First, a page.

Here’s how I’d target £32,371 in yearly passive income following Warren Buffett

There are numerous ideas online about how to make passive income. They range from vending machines to recording audiobooks. However, while many of these sound interesting, I’d rather stick to the proven wealth-building example laid down by Warren Buffett.

A lot of effort

Today, dropshipping is one of the most popular side hustle ideas. This is an order fulfilment method that does not require a business to stock its own products.

Instead, it sells the items online and passes on the sales orders to third-party suppliers, who then ship the orders to the customer. The seller takes a cut without dealing with any stock, which at first glance looks great to me.

However, there also seems to be quite a lot of work involved. There are operating costs for marketing and advertising, maintenance of the site, and constant search engine optimisation (SEO) needs.

Plus, due to fierce competition, there appears to be a lot of undercutting of prices. Consequently, dropshipping margins are often very low.

So this looks like a time-consuming grind to me rather than an effortless passive income stream. The juice just isn’t worth the squeeze, as far as I can tell.

Investing for dividends

By contrast, the cash I get from dividend stocks is totally unearned. Assuming nothing causes the company to axe my payout, which is always a risk, I receive money for simply being a shareholder.

While I can spend this passive income how I see fit, I’d prefer to reinvest my dividends in order to buy other shares. These can go on to generate me even more dividends in future, and so on.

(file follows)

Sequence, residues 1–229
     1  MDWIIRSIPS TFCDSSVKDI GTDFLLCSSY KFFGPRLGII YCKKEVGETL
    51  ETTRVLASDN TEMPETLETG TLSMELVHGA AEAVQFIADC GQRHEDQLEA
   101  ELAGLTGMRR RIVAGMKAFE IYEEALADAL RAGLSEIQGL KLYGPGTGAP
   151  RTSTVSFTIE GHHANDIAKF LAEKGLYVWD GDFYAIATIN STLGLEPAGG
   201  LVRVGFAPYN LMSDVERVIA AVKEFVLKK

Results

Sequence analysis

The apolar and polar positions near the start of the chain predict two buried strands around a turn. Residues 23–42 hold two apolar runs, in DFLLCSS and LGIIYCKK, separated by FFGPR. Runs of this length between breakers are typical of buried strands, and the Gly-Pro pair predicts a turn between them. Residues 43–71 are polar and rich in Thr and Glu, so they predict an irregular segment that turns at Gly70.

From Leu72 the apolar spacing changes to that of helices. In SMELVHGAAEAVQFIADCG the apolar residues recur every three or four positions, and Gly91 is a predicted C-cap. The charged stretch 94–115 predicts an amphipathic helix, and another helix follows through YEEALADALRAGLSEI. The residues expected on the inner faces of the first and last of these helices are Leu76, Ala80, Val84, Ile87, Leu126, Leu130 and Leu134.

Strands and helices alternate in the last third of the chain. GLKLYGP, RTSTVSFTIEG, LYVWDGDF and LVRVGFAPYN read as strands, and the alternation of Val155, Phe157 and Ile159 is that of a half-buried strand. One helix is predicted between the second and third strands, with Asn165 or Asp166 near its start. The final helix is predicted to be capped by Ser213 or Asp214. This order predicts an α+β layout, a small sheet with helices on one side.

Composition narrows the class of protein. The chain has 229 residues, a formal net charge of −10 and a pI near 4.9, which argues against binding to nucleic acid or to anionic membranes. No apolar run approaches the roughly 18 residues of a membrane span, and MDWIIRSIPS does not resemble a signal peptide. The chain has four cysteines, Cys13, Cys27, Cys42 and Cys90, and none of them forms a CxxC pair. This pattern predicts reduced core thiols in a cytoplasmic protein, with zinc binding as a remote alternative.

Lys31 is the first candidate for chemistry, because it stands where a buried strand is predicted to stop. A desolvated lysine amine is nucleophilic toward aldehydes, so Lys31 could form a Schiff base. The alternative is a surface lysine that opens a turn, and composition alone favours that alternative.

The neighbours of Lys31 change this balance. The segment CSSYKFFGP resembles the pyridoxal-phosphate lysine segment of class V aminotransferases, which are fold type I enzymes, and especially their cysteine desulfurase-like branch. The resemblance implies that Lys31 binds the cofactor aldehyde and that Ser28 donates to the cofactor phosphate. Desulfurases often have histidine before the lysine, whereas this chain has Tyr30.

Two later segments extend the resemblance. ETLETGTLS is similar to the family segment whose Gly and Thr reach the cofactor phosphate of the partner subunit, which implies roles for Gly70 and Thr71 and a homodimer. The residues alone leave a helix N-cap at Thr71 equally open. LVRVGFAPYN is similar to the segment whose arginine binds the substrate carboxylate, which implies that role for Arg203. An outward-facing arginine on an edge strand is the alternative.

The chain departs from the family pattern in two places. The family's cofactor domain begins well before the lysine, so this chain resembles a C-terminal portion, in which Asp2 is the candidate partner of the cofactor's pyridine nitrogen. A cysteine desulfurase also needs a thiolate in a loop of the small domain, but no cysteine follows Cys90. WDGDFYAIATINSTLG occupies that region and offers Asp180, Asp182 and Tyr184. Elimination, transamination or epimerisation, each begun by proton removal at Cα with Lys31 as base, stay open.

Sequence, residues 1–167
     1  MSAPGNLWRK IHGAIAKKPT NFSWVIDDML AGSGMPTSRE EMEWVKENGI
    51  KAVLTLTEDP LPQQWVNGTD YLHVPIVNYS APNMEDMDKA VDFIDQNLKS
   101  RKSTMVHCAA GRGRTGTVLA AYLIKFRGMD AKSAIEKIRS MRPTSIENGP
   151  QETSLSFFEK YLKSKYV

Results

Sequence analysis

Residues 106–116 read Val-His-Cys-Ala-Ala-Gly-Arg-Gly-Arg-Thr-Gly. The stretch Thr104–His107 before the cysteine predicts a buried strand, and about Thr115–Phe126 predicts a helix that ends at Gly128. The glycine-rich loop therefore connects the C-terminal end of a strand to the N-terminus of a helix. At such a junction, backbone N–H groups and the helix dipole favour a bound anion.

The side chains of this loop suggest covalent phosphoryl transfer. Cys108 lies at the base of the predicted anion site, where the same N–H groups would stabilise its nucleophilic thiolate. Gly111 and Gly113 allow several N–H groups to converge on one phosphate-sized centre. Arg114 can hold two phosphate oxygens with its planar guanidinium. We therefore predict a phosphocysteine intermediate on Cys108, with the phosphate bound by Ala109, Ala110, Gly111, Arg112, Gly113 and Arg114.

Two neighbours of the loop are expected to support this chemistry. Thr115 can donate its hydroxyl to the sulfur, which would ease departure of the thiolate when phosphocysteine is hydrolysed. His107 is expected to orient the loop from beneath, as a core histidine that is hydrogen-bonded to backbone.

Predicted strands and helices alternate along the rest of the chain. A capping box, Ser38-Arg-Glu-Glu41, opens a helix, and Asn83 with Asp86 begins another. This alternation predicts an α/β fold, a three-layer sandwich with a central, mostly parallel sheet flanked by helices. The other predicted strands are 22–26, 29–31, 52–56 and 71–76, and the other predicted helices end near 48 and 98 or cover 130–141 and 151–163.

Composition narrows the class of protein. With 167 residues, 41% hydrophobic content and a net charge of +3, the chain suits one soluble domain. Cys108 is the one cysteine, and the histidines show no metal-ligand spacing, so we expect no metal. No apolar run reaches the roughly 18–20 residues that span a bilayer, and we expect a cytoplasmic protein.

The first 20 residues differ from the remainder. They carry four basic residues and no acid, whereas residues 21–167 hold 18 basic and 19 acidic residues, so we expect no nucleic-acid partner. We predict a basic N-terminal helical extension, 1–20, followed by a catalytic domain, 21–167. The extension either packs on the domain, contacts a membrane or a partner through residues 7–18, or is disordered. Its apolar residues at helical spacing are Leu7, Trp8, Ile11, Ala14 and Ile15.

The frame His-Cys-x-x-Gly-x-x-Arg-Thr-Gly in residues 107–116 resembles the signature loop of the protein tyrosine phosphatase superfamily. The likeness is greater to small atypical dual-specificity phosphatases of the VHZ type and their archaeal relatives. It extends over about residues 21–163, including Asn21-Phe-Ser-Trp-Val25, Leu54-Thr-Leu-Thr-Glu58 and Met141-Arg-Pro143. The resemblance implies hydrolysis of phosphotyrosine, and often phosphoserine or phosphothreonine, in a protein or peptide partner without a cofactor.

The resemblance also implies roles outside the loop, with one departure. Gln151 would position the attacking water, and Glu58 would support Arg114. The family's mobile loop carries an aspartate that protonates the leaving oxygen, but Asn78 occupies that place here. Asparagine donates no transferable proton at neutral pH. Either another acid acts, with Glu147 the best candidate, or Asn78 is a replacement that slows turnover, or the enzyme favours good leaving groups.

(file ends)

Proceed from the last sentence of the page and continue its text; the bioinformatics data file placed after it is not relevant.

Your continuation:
This harnesses what Albert Einstein is purported to have called the “eighth wonder of the world“. That is compound interest, and Warren Buffett’s $100bn+ net wealth is the ultimate embodiment of its power.

Finding stocks with moats

Buffett likes to invest in companies that possess what he calls an ‘economic moat’. Like around a medieval castle, a moat stops competitors from invading and stealing away market share.

The most obvious example is a brand moat. Companies that have very strong brands often enjoy customer loyalty, making it very difficult for new entrants. They also have pricing power to preserve profit margins.

Two examples would be Coca-Cola and McDonald’s. Coke has boosted its annual dividend for 61 consecutive years, McDonald’s for 47 years.

These are the type of dividend stocks I’d aim to build a portfolio around.

Generating passive income

Buffett’s investing record since he took over Berkshire Hathaway in 1965 is truly extraordinary. He has returned an average of 19.8% per year, which is double the market average.

He has done so by taking the long view. Stock market volatility doesn’t scare him out of his investments, which means they have all the time necessary to grow in value.

To build towards big passive income, I’m also going to have to take a long-term view of investing.

Finally, the great news is that I don’t have to replicate Buffett’s incredible record in order to build an impressive sum. An 11% annualised return on £500 a month would get me to £404,638 after 20 years.

From this, I could earn £32,371 in annual passive income if my portfolio was collectively yielding 8%.

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